Sunday, January 19, 2014

Good Morning Jessicca...

Letter to my Daughter
Sunday, 19 January

What it means to be human

Good Morning Jessicca…

Numbers and words have no existence outside the human mind.  A world without people reveals no evidence as to the validity of these concepts of intellect.  Until recently the surface of the planet Mars simply existed, without the need to account for itself in any way that might be construed as a reason for being.  Then came machines.  They crawl about the land of Mars, occasionally stopping to break its surface and dig into the soil.  They were sent by humans inhabiting the neighboring planet Earth.  These mechanical devices are missionaries that bring the first evidence that there now exists a mental construction, fashioned from words, which humans refer to as meaning.  These roving devices are precise constructions of a preconceived purpose.  Purpose is like numbers and words.  The idea of purpose is of no consequence outside the boundaries of the individual human mind.  This mind is unique in a number of ways.  It is self-aware and wonders of the nature of its own existence.  The mind is a form of consciousness that endlessly explores itself and its perceived surroundings, armed with a revolutionary potent tool – the question.  The question is a mental device that goes beyond the biological instinct known as curiosity because it is based on a formally constructed purpose we will call intent.  Questions displaying intent rely on the analytical words how and why as well as specific fact-seeking words such as what, when and where. The intent-based question requires another tool unique to human consciousness.  This is a tool fashioned from a capability human’s have developed over time and we’ve termed it reason.  Reason is a concept founded on the growing belief that every object and every event in existence is the result of one or more specific causes and that this cause-and-effect phenomenon is potentially predictable because existence is fundamentally neither random nor arbitrary.  The human mind has grown increasingly confident that the brain’s ability to reason makes understanding existence within the realm of possibility.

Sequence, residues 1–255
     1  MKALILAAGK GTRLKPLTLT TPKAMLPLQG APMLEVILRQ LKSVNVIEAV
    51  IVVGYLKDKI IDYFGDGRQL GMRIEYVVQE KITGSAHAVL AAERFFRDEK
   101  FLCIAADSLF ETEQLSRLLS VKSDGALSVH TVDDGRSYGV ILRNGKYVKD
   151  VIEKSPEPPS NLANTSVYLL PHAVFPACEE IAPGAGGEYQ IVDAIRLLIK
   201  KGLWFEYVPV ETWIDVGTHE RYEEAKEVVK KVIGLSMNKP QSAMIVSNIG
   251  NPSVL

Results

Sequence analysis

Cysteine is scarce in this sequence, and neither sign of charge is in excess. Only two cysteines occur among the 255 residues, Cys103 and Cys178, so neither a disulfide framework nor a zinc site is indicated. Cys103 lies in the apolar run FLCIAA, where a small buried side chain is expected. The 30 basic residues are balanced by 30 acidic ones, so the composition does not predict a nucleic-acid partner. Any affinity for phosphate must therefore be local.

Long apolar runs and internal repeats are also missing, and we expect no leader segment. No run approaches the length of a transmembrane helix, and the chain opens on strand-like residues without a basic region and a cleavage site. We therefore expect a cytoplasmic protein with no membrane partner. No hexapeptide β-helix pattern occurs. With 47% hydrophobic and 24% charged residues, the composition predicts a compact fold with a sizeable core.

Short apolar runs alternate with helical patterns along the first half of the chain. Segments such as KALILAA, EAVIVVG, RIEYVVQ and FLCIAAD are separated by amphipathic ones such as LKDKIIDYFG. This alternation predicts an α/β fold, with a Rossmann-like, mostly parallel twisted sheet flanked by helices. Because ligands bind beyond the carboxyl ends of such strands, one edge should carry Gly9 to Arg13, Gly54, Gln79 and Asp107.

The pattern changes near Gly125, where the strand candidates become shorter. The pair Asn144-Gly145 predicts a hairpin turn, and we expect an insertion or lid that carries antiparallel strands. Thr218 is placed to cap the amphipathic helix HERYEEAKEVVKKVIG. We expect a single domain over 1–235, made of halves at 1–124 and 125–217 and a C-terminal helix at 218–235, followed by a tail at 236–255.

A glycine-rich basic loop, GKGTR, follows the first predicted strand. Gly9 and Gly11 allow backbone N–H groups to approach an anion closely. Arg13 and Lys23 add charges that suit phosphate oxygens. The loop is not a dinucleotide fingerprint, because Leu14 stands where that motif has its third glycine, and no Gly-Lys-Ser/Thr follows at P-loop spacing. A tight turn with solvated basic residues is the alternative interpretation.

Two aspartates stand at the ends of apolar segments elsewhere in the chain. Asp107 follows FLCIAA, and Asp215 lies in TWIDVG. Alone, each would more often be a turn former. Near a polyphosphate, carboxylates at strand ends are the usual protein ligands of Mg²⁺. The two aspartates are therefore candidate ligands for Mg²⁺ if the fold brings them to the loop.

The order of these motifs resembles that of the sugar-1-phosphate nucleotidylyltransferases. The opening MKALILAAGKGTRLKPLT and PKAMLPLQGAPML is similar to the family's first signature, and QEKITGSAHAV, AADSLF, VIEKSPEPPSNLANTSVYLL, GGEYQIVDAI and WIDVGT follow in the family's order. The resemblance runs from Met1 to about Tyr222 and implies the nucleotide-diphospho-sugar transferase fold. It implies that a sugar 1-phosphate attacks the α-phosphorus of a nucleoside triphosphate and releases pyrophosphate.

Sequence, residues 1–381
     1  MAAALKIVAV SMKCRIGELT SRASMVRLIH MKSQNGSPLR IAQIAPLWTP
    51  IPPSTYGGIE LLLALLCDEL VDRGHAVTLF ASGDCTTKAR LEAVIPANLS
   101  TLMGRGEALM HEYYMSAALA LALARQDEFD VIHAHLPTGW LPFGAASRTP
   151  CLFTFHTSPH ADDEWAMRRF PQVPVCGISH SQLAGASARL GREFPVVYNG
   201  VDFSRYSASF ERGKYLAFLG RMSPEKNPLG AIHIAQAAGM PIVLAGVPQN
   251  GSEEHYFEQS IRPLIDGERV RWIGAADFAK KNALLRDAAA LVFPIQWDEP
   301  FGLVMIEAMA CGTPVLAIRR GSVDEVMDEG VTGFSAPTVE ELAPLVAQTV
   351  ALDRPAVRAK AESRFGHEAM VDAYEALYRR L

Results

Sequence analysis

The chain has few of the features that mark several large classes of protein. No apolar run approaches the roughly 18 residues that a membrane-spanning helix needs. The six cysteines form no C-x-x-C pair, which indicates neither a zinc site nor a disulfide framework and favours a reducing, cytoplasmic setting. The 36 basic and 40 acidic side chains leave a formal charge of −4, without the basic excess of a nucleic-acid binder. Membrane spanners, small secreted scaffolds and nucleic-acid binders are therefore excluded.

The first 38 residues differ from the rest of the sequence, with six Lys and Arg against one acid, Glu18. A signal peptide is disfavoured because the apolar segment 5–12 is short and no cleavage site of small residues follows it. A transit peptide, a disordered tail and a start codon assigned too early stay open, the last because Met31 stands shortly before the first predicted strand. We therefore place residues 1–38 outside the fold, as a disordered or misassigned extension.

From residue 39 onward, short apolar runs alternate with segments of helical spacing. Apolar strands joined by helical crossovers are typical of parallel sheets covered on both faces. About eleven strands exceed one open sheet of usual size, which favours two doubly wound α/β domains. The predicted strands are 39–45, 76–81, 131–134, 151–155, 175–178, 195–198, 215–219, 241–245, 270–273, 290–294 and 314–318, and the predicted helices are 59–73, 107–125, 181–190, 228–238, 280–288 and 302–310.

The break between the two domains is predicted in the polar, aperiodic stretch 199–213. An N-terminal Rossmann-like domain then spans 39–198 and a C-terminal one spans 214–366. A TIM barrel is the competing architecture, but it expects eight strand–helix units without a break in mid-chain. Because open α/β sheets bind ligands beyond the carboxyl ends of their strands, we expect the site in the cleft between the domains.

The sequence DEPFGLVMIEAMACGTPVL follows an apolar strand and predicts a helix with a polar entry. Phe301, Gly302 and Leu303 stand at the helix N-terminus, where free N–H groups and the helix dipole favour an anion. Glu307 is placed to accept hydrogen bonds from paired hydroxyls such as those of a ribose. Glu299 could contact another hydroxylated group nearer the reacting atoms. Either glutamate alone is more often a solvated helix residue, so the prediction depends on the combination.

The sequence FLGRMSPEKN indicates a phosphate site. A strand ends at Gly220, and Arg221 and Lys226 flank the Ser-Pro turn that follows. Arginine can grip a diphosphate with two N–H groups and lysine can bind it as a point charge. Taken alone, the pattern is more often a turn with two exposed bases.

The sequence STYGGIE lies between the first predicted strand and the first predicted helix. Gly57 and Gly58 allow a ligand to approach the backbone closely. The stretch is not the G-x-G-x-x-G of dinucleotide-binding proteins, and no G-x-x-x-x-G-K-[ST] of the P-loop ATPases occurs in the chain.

Why did human beings go to the expense and trouble of sending a machine to Mars?  There are many reasons having to do with the intent to answer arcane scientific questions and to further develop human technological capabilities but, uppermost in most people’s mind, is the question whether life has existed on another planet.  If it is determined that no life ever existed on Mars then the question becomes, “If not Mars, where?”  If, on the other hand, life or its remnants have been proven to exist on Mars then the minds of human beings are flooded with new questions.  We humans find renewed motivation to speculate on numerous intriguing avenues of possibilities.  What is the source of life?  Are there other forms of consciousness comparable to ours?  Do they believe in God?  If not, why?  If yes, then what is the nature of their God?  Is the concept of God inherent to the thought of higher consciousness?  If God is absent in the consciousness of others then what does that imply about human spiritual beliefs?  Does our hope for God’s existence have to do with our desire for meaning in life?  What is the nature of meaning without God?  A machine searching the sands of Mars for evidence of life is invested with the meaning of what it is to be human.  We don’t want to be alone.  We want our lives to have purpose beyond generating our biological offspring.  We want something of greater value than just merely existing.  The many monuments we have created throughout human history – churches, statues, a flag on the Moon, a simple blue ribbon – all have to do with instilling in us the value of meaning.  We matter.  No one celebrates the life of an individual sparrow.  Who mourns the rose separated from its stem? 

Numbers and words – we have each a name.  We each count the length of our solitary existence and share our sentiments with those close to us.  We all have ingenuity, love, happiness and fear that together makes us each somewhat unique.  Here, then, is the kernel of our meaning – modest as it may seem.


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